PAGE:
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April, Time of Transition

Bill Sherwonit

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Walking along a favorite forest path, through a woodland that’s mostly gray and brown with scattered patches of white, I hear the distant shriek of gull: a sure sign that winter’s grasp is loosening.

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Here in Anchorage, we’re still weeks away from the full blush of a northern spring. Not until mid-May will our Alaskan landscape burst with green-up, as trees fully leaf out and wildflowers push slender shoots out of the warming ground. Not until then will the annual influx of migratory birds reach its peak, and forests and meadows ring loudly with the bright melodies of visiting songbirds. But I’ll savor the days and weeks that lead up to spring’s full blossoming, as we move out of winter’s depths, first slowly, then at an accelerating pace that becomes a frenzy.

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Already the sun shines upon us more than 14 hours daily. And each day we’re gaining more than 5½ minutes of daylight; each week, nearly 40. Not only are the days longer, they’re brighter. And warmer. Standing in my yard or walking through the woods, I can almost sense the earth stirring in its warming.

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Looking out my window on this April morning, I see a yard still partly draped in white.  And when I leave the house later today, I will dress for temperatures that won’t climb much above freezing.  But studying the home journals piled on the desk in front of me, I am reminded that April is a month of incredible change, miraculous transition.

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While many people suffer cabin fever as they await the truly spring-like temperatures and greens of May, I revel in the small, daily transformations that surround me and speak of changing seasons in what has become a favorite time of year.

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Gulls are among the first new arrivals to signal their reappearance, announcing their return in loud, screechy voices. Already I’ve seen and heard them along the coastal flats and flying above a supermarket parking lot; a flock of two dozen mew gulls even circled over my neighborhood recently, screeching raucously. Gradually they’ll nudge out the ravens who’ve been feasting on human foods and garbage all winter long. As the gulls take over, most ravens will leave town, to nest and rear young in forests and hills.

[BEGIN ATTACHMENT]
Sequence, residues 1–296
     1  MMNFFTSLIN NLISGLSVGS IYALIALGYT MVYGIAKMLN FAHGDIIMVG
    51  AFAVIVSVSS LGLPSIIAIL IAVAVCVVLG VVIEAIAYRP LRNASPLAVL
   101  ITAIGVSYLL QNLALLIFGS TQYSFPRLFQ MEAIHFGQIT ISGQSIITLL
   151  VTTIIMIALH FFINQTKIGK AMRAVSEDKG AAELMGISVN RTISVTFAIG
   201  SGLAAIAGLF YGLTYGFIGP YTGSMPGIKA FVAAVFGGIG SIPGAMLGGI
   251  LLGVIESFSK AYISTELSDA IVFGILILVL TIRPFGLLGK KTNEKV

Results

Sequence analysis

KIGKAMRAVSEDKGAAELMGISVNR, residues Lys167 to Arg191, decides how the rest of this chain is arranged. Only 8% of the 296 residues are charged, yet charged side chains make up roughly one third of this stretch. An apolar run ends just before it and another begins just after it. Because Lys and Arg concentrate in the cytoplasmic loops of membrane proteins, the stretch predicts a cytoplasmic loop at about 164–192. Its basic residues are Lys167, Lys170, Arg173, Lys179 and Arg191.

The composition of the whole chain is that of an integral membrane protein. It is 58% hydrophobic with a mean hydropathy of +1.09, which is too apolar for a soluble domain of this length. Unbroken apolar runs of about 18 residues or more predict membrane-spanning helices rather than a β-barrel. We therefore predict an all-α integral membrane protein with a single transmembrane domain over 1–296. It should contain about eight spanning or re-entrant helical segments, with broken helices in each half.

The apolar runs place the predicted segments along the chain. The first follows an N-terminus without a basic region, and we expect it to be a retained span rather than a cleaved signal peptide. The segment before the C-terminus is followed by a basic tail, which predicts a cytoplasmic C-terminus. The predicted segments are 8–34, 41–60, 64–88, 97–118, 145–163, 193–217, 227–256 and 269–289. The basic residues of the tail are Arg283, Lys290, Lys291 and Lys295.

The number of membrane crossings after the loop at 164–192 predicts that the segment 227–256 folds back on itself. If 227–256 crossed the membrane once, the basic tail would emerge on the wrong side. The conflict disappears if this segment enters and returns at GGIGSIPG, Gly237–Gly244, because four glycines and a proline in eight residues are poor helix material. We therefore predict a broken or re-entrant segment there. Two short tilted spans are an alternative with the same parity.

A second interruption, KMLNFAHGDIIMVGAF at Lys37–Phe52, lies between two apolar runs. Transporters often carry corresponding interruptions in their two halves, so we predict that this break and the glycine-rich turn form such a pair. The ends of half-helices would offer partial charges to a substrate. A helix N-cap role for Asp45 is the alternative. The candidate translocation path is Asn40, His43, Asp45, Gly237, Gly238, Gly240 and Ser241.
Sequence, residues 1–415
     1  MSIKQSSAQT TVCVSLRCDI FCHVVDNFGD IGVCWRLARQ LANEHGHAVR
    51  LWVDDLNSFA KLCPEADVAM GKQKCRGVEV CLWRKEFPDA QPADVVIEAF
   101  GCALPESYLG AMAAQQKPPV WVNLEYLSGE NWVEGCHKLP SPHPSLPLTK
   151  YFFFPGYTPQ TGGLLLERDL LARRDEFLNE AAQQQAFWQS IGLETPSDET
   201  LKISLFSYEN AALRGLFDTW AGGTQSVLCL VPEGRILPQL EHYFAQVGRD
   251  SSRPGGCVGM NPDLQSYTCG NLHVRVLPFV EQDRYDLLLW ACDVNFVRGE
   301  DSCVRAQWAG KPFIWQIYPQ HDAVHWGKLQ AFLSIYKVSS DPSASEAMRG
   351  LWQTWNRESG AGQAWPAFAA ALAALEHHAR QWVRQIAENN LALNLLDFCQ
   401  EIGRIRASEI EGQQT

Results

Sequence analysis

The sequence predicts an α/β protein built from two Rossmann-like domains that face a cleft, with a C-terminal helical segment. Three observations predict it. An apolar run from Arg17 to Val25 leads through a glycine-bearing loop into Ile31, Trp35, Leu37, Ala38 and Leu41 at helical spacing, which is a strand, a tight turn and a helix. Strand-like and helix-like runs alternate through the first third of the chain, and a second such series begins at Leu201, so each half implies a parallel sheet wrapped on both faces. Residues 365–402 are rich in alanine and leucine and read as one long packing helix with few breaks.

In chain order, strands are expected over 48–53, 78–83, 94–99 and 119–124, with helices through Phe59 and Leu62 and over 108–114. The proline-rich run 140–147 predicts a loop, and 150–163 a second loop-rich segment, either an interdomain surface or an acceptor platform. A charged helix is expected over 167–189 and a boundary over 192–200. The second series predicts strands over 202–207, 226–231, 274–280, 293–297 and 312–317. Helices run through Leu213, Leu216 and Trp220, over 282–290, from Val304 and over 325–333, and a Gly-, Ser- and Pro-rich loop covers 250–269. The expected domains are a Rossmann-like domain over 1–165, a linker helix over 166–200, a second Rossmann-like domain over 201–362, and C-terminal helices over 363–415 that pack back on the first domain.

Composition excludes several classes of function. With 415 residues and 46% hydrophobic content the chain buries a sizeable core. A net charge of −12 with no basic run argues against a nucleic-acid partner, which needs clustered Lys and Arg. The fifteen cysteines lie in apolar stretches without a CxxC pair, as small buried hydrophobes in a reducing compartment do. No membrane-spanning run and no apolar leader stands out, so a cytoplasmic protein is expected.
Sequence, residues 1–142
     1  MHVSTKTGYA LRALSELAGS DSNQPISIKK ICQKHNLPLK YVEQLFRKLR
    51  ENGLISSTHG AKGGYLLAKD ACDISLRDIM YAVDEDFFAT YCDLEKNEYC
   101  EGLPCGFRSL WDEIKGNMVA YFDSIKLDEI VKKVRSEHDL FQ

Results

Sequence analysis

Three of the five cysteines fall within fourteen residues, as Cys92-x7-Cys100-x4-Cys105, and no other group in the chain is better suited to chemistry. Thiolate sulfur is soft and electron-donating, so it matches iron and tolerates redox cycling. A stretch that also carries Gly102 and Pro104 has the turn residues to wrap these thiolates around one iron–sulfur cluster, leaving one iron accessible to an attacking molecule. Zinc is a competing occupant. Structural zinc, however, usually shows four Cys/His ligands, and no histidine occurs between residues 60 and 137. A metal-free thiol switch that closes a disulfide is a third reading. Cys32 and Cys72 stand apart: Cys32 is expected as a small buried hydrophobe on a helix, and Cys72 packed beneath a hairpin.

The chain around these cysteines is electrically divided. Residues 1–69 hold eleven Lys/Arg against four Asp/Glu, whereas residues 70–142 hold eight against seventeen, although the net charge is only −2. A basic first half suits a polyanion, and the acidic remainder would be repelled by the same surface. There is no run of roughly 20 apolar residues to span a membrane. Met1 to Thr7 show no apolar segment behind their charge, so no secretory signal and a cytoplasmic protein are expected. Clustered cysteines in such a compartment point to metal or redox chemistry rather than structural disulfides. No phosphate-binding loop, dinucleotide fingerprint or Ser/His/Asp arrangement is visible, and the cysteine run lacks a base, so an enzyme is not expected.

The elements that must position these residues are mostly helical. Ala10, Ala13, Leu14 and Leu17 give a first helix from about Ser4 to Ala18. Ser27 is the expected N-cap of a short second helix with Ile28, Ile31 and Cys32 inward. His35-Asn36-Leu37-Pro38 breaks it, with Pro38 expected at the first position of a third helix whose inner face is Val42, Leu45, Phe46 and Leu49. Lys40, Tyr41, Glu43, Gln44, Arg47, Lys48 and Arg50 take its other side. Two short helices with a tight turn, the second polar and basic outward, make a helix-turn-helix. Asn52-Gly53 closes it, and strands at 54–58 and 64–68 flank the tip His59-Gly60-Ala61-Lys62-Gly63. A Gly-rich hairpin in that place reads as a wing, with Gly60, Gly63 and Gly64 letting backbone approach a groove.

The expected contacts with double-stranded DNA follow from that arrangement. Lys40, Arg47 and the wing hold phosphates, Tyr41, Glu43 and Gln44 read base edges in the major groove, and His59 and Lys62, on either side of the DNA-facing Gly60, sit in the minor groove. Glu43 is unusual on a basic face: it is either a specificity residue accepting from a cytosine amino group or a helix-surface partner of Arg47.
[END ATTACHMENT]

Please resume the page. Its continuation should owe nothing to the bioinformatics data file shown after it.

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April is also the month that large Vs of honking geese slice across our skies. To many residents there is no sweeter sound or more hopeful sight. The geese talk loudly among themselves while flying from one lake to another; they chase each other across the greening lawns outside Anchorage’s Loussac Library and thrill excited children, who tug on parents’ arms and ask if they can join the chase. Even more exciting to me is the arrival of sandhill cranes, with their primeval roarking calls.

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Closer to home, robins’ sweet warbled songs echo again through the neighborhood, to mix with the more dissonant telephone-ringing calls of varied thrushes and the long and complex songs of ruby-crowned kinglets, tiny but loud singers whose springtime music has become a favorite of mine.  Perched on tree tops, male songbirds announce territories and call in females, while already mated pairs begin their nest-building rituals.  By month’s end, swallows will swoop and dive overhead as they cut broad arcs against the evening sky and I wonder why I haven’t yet put up a birdhouse to welcome them to the yard.

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Butterflies,  bumblebees and springtime’s slow-moving mosquitoes miraculously re-inhabit the April air while below them spiders and ants scurry along the ground and front-yard deck.  Catkins sprout from willows, green buds push out of the earth, and the snow-white coats of snowshoe hares take on a mottled appearance, as patches of fur turn to summertime’s brown.

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Before long—if not already--bear sightings will be reported along the wooded fringes of town or even within residential neighborhoods, and residents are again reminded to properly store dog food and garbage.  Perhaps it’s too much to expect, that Anchorage’s human residents will welcome bear’s return from winter hibernation.  But can’t we at least remove temptations, to prevent our ursine neighbors from becoming problem bears?

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Yard work is transformed as well.  April is the month that driveway snow shoveling gives way to lawn and tree maintenance and bird-seed clean-up.  Sweating in 40 or even 50-degree warmth, I’ll rake leaves and dead grass into piles even as new green blades of grass sprout through last year’s browns.

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In April I go for more and longer hikes into the woods and mountains.  I notice chickadees and woodpeckers excavating holes in rotted-out cottonwoods, try to match forest melodies with newly arrived avian migrants, look for fresh bear tracks in the mud and signs of early wildflowers.

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This year I’ll again listen for the hiccupy songs of wood frogs, the only amphibians to inhabit Anchorage. Their voices have become as much a part of my annual April celebration as geese and songbirds and bears, rushing creek and yard clean-up, a prelude to Alaska’s short but remarkably rich spring and summer seasons. Every day, it seems, there is more to celebrate in this time of renewal and rebirth.

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Bill Sherwonit
Anchorage Daily News Bloggers